Injured fisherman to receive treatment
American Samoa will treat a fisherman with a severely injured hand who was at risk of being stranded on the high seas without medical attention due to coronavirus border closures.
The Indonesian national, sailing aboard the Taiwanese vessel Man Fu Tsai, had been in limbo for weeks after having pleas to receive treatment for his deteriorating medical condition rejected by both Samoas.
The vessel was initially denied permission to enter the Apia Harbour due to coronavirus restrictions.
As reported by this newspaper earlier this week, the man injured his hand with a fishing hook last month, an injury that has apparently grown more serious.
The vessel, Man Fu Tsai No.88, arrived in Apia on 27 March intending to resupply the ship and unload its catch. But they were unable to do so and the 14-person crew was rapidly running out of medical supplies.
The ship’s crew alerted the Ministry of Health to the man’s grave need for treatment but did not receive permission to dock. The crew instead set sail for American Samoa.
After waiting 32 kilometres out of harbour since the weekend, authorities in the American territory decided to provide medication for the man.
According to American Samoa authorities, he could reportedly require surgery.
“A large fishing hook accidentally pierced into his right palm of hand while working,” Indonesia’s Ambassador to New Zealand, Samoa and Tonga, Tantowi Yahya, said.
“Since the vessel [began] moving to Pago Pago, the Indonesian Embassy in Wellington immediately contacted colleagues in the Indonesian Consulate-General in Los Angeles.
“The Consulate-General’s Consular staff is now closely monitoring the situation. We have received good news that the vessel is allowed to berth this afternoon in Pago Pago Port for the fisherman to receive emergency medical treatment.”
The development comes a day after the Government of Samoa says it was right to deny hospital care to the injured fisherman, a week after he first asked for treatment for his wounded hand.
On Thursday evening, the Government Press Secretary, Nanai Laveitiga Tuiletufuga, stated that it considers the man’s injury to be “minor” and therefore the vessel was and will continue to be denied entry into Samoa.
"Health officials have also verified that they were only told by the boat's agent that a crew member needed treatment for an injured hand sustained for more than a week prior to their expected time of arrival. And the injury is minor," he wrote in an official email response.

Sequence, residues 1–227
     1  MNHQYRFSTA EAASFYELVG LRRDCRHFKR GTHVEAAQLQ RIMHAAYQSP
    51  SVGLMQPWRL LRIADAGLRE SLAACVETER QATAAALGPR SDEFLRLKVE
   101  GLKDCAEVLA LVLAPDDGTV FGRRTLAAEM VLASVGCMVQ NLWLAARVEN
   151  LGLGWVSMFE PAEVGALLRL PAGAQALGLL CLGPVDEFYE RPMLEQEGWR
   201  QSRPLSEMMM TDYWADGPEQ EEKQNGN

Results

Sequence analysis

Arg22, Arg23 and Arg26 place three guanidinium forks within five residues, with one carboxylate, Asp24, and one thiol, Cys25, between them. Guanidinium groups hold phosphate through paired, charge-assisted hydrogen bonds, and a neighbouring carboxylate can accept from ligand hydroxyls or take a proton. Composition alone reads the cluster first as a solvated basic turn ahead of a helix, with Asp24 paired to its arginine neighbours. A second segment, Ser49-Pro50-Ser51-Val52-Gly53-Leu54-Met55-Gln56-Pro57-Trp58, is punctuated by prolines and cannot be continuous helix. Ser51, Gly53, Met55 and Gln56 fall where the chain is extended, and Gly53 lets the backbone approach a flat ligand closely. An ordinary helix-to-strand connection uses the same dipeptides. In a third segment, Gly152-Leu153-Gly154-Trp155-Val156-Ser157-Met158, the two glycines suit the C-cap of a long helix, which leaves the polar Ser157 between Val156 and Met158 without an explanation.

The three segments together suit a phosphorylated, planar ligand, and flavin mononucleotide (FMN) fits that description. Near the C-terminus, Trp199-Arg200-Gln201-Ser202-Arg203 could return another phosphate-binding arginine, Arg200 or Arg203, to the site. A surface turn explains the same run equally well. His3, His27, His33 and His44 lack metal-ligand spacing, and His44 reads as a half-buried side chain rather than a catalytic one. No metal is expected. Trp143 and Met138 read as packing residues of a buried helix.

"As a result and in the best interest to maintain Samoa’s security and safety from the COVID 19, the vessel was denied entry."
Nanai did not explain how the "minor" assessment was made and whether a medical professional was involved in making this assessment.
Under the amended State of Emergency Orders, ship access to Apia wharf remains limited to trade and petroleum ships, until further notice.
The Response from Government Press Secretariat is as follows:
Per your inquiries, the Man Fu Tsai No.88 is not registered nor flagged in Samoa. The vessel is also not licensed or authorised to fish in Samoa’s Economic Exclusive Zone. But it is granted entry only for transhipment purposes and to replenish supplies.
On March 24 the Fisheries Division received the boat’s manifest from her local agents which did not contain any information of an injured crew member needing medical attention as per normal requirement for all fishing vessels heading to Samoa.
She arrived in Apia on March 27 and not on February 27 th per your article.
Health officials have also verified that they were only told by the boat's agent that a crew member needed treatment for an injured hand sustained for more than a week prior to their expected time of arrival. And the injury is minor.
As a result and in the best interest to maintain Samoa’s security and safety from the COVID 19, the vessel was denied entry.
And you may also like to take into account that as of March 26 th per Amended State of Emergency Orders all foreign fishing boats are prohibited from Samoa until further notice contrary to what was published in the article.
Ship access to Apia wharf remains limited to trade and petroleum ships.
All others are prohibited until further notice.
To amend the orders will require Cabinet approval.